Not many guys are confident with writing a business email.
That's bad news – without a basic understanding of how to write an email professionally, a guy could lose out on his dream job simply because he didn't sound competent in his application email to the big boss.
It's not taught that much in schools. So I'm teaching it here at the RMRS Academy for Stylish and Professional Men. Class is in session – listen up.
In this article, you'll discover:
- How To Choose A Professional Email Address
- How To Write An Email Subject Line
- How Should You Start A Professional Email?
- Writing A Professional Email
- How To Sign Off A Professional Email
- Using Email Safely
#1 How To Choose A Professional Email Address
The first step in learning how to write an email professionally is to create a professional email address. Without one, no one will take you seriously in the world of business and academics.
That's right StudMuffinMustang1985@yahoo.com … I'm talking to you.
To be a professional and present yourself as such, you need to ensure that your business email address is up to scratch. It's actually a straightforward thing to sort out. You can set up a professional-sounding email address in about 2 minutes by following this formula:
First name.last name.three firstname.lastname@example.org
So for me, I could opt for:
If your name's Robert Frost:
Some people might say not to include numbers in your professional email address. That was good advice 15 years ago when fewer people were using email. However, everyone and their dog has an email nowadays, so most businesses will understand the need for unique numbers in your address.
Just avoid anything rude or uncouth! What you do in your personal life is your business; don't bring it to work with you.
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#2 How To Write An Email Subject Line
The subject line is the first thing a hiring manager or boss sees when your email appears in their inbox. Think of it as your email handshake. To learn how to write an email professionally, you need to get this bit right!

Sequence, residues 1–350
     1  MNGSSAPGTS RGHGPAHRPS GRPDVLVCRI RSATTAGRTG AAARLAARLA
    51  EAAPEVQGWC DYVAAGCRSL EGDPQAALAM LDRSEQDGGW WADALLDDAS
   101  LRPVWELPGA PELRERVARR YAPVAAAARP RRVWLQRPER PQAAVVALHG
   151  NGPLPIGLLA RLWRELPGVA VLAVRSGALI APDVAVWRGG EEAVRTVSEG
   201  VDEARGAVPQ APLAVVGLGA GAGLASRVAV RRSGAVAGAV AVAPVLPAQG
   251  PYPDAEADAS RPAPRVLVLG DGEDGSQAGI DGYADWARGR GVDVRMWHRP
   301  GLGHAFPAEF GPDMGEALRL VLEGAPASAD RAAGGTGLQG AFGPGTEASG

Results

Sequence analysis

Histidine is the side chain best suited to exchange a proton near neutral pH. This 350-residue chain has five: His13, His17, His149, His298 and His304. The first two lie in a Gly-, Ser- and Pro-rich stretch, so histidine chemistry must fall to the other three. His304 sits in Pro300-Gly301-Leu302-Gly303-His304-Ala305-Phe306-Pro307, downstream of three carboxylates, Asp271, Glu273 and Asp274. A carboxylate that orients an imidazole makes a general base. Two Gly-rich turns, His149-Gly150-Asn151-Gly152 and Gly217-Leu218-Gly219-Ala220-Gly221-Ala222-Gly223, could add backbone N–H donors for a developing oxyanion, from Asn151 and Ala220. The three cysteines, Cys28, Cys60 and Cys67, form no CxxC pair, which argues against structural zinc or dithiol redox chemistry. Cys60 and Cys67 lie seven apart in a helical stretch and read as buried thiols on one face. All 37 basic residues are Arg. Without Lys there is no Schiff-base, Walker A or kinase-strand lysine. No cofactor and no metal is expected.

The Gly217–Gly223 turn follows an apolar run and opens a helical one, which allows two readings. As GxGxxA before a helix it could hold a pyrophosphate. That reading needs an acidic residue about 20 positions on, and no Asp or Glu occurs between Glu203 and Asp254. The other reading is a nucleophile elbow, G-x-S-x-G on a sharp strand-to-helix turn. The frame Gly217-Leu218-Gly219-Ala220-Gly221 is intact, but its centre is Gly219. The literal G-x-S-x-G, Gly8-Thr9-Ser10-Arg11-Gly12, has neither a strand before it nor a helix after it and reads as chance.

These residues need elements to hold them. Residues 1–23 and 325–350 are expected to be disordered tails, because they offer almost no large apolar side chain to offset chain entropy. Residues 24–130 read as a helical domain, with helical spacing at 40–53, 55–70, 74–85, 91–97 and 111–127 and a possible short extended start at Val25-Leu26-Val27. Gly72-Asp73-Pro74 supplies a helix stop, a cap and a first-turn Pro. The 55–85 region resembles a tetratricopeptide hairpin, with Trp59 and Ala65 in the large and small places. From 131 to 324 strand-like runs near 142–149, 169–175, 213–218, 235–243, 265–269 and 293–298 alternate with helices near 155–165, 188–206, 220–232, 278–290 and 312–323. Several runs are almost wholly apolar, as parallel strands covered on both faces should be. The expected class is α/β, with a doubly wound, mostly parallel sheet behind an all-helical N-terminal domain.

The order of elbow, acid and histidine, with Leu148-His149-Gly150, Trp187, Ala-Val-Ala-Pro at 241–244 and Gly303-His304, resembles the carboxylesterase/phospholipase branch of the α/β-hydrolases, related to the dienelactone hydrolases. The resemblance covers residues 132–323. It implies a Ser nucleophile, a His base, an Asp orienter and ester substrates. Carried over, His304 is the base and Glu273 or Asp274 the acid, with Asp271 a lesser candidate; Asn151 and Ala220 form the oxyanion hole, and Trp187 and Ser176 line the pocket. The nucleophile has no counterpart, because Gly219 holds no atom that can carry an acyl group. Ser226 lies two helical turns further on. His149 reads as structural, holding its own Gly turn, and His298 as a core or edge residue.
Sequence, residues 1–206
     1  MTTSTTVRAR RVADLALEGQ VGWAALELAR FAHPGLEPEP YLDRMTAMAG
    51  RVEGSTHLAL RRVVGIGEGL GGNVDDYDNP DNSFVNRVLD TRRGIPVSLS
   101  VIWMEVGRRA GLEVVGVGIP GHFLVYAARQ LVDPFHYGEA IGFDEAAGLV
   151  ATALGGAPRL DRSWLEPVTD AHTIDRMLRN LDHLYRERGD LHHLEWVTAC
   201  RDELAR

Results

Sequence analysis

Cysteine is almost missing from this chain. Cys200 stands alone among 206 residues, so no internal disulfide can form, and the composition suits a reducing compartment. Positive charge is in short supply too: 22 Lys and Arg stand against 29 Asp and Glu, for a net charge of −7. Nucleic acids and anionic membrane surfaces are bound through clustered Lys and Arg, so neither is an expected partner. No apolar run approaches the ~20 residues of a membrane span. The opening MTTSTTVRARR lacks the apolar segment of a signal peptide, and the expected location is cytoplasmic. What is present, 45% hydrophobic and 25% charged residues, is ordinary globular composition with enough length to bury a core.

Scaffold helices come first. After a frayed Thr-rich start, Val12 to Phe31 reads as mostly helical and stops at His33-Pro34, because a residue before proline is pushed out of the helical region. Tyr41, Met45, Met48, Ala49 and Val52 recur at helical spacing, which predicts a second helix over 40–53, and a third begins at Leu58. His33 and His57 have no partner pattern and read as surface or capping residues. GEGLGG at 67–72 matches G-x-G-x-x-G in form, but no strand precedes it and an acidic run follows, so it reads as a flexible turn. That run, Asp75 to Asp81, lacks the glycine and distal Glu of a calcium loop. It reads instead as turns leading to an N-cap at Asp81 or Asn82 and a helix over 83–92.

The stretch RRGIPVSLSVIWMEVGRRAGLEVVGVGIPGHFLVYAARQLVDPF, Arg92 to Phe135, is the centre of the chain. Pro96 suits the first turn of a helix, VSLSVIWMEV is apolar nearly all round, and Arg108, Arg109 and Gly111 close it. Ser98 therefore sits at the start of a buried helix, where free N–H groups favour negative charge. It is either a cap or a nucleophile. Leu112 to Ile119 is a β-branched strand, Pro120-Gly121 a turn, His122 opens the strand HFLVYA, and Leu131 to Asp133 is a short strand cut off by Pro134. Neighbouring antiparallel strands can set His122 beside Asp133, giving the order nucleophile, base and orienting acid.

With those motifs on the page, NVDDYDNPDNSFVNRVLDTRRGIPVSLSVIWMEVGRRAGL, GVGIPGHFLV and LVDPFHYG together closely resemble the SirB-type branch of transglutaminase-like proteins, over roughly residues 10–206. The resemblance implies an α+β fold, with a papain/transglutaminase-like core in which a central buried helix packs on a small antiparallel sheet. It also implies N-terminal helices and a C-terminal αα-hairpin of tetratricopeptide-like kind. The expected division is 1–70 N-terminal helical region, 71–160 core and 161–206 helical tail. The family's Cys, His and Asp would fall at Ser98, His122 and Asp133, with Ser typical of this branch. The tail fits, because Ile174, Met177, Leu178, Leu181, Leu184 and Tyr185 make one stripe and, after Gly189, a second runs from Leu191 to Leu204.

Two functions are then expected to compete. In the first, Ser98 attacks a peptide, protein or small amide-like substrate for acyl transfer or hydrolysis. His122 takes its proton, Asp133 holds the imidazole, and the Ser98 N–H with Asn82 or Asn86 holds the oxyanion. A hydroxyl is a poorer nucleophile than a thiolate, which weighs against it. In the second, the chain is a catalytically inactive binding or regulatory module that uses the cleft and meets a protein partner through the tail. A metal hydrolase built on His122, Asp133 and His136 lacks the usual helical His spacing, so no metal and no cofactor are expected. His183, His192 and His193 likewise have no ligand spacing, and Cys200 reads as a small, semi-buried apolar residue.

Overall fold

Get it wrong, and your email could end up in the trash quicker than you can say ‘three-piece suit.' In a business environment, time is money. If the recipient thinks your email is a waste of their time, guess what – they're not going to open it.
The key to a great subject line is clarity. Don't try and sell yourself, don't try and be funny – get straight to the point so your recipient knows what they're about to read.
For a job application, write your full name and the position you are applying for, followed by ‘application':
Subject Line: Antonio Centeno, Area Manager Application
For an email to the big boss, state the subject of the email, the department you work in, and what you need:
Subject Line: Performance Reviews, Human Resources, Sign and Approve
For an email to a colleague, stip it back a bit and just include the subject of the email and action required:
Subject Line: Holiday Request, Approval Needed
You get the idea. Keep it short, clear, and professional.
#3 How Should You Start A Professional Email?
Surprisingly, this is one of the trickiest parts of learning how to write an email professionally. Your position in a company, who you're emailing, and the type of company you work for will affect how you greet someone in an email.
As such, giving a definitive guide on every type of email greeting would be an impossible task. However, you can apply some go-to rules if you're unsure how to start your professional email.
Starting An Email To Your boss
‘Hey' is a go-to greeting for most guys when speaking to someone. However, in an email, this can appear far too informal. However, ‘Hello' can sound a bit weird in an email. So what's the solution?
In my experience, avoiding a greeting word altogether and going straight to their professional title is the best way forward. For example, when emailing your boss: